Robust mechanism design and dominant strategy voting rules
AbstractWe develop an analysis of voting rules that is robust in the sense that we do not make any assumption regarding voters’ knowledge about each other. In dominant strategy voting rules, voters’ behavior can be predicted uniquely without making any such assumption. However, on full domains, the only dominant strategy voting rules are random dictatorships. We show that the designer of a voting rule can achieve Pareto improvements over random dictatorship by choosing rules in which voters’ behavior can depend on their beliefs. The Pareto improvement is achieved for all possible beliefs. The mechanism that we use to demonstrate this result is simple and intuitive, and the Pareto improvement result extends to all equilibria of the mechanism that satisfy a mild refinement. We also show that the result only holds for voters’ interim expected utilities, not for their ex post expected utilities.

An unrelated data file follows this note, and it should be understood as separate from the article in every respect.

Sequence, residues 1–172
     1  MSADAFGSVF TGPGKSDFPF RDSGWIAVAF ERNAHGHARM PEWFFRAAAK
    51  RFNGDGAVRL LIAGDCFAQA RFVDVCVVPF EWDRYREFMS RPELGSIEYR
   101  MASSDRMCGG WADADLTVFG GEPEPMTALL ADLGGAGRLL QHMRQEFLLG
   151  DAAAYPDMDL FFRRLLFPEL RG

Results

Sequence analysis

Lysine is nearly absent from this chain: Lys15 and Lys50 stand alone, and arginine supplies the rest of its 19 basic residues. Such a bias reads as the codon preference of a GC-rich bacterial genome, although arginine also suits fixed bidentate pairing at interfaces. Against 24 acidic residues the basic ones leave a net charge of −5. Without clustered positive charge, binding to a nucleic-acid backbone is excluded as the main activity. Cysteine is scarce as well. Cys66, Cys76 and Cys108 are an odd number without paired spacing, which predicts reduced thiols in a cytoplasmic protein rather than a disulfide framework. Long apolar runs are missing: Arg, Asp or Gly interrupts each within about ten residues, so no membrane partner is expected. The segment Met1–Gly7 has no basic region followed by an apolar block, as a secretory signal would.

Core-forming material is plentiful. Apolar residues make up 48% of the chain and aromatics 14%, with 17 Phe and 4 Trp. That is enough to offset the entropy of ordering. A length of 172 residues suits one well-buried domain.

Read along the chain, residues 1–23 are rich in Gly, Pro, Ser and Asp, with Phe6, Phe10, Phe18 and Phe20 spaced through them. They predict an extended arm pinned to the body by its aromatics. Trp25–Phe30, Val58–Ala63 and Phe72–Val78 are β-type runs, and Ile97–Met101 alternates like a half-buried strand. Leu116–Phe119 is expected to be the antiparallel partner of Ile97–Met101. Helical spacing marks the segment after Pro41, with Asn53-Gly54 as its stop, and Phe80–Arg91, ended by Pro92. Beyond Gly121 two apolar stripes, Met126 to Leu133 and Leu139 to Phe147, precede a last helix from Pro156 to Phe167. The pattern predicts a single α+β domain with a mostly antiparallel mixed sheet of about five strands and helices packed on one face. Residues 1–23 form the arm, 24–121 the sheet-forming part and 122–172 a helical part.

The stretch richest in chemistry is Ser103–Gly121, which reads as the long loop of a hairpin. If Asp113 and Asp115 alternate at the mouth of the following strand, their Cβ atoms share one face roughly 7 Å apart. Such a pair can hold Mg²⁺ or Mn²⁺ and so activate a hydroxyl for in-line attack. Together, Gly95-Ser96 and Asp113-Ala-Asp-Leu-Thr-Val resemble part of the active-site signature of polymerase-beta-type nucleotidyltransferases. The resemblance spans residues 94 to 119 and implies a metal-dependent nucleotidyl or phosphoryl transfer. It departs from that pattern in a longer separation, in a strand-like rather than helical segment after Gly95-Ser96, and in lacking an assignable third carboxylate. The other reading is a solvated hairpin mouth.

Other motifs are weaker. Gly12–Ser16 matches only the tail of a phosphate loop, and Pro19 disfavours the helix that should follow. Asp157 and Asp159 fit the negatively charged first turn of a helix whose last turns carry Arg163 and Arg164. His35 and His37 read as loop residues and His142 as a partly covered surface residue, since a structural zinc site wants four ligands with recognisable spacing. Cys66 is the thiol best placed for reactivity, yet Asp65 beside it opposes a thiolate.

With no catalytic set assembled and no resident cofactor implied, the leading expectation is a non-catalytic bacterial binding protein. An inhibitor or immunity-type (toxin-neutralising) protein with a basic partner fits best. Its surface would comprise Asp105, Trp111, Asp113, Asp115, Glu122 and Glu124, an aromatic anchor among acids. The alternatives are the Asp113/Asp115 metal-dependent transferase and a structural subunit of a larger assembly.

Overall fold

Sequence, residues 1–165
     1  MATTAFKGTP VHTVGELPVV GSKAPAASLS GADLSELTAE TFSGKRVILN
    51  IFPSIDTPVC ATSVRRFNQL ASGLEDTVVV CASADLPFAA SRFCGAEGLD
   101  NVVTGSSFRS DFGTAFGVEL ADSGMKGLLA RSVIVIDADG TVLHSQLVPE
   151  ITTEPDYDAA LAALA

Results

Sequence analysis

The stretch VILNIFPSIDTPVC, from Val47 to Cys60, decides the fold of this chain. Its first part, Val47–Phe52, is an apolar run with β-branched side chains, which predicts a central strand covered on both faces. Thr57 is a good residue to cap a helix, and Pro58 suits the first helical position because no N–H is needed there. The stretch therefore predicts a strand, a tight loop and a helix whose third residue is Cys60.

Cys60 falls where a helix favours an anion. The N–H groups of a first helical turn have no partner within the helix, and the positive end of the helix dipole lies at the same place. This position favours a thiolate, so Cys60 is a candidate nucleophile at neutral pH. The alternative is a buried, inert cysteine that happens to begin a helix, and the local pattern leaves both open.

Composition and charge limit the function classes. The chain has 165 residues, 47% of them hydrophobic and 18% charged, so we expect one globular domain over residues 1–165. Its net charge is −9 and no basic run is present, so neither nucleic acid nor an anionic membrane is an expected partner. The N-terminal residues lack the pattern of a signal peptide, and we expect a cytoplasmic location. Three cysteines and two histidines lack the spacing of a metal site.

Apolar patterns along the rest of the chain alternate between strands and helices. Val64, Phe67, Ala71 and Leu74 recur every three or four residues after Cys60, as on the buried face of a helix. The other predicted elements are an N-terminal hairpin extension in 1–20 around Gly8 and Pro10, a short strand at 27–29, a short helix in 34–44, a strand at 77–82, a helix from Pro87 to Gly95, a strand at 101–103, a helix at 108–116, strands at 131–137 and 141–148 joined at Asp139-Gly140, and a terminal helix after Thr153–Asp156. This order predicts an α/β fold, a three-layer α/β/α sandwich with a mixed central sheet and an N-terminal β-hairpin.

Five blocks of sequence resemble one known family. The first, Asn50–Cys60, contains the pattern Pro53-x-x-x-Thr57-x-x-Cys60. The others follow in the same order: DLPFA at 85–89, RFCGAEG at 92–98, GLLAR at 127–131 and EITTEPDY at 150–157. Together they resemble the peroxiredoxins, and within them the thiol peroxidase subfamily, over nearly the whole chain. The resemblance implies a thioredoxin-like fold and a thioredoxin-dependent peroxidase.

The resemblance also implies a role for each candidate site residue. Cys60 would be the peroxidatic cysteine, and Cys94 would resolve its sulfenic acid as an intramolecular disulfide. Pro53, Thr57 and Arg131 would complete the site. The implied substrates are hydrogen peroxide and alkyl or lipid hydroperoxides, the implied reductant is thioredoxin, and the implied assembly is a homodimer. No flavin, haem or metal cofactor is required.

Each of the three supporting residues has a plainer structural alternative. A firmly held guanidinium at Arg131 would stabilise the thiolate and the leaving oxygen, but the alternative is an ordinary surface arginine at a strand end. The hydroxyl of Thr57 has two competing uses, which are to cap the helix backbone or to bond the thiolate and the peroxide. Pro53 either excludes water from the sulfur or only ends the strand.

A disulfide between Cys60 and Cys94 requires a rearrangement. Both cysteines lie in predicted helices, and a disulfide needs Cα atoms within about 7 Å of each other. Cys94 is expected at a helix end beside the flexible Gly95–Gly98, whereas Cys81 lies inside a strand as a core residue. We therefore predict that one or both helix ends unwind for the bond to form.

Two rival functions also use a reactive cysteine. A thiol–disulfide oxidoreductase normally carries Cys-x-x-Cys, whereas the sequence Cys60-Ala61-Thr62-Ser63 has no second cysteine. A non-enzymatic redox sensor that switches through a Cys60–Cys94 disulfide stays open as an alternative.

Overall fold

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Bibliographic InfoPaper provided by University Library of Munich, Germany in its series MPRA Paper with number 37027.
Date of creation: 03 Nov 2011
Date of revision:
robust mechanism design; dominant strategies; voting; Gibbard-Satterthwaite theorem;
Other versions of this item:
- Börgers, Tilman & Smith, Doug, 2014. "Robust mechanism design and dominant strategy voting rules," Theoretical Economics, Econometric Society, vol. 9(2), May.
- D7 - Microeconomics - - Analysis of Collective Decision-Making
- C7 - Mathematical and Quantitative Methods - - Game Theory and Bargaining Theory
This paper has been announced in the following NEP Reports:
- NEP-ALL-2012-03-08 (All new papers)
- NEP-CDM-2012-03-08 (Collective Decision-Making)
- NEP-GTH-2012-03-08 (Game Theory)
- NEP-MIC-2012-03-08 (Microeconomics)
- NEP-POL-2012-03-08 (Positive Political Economics)
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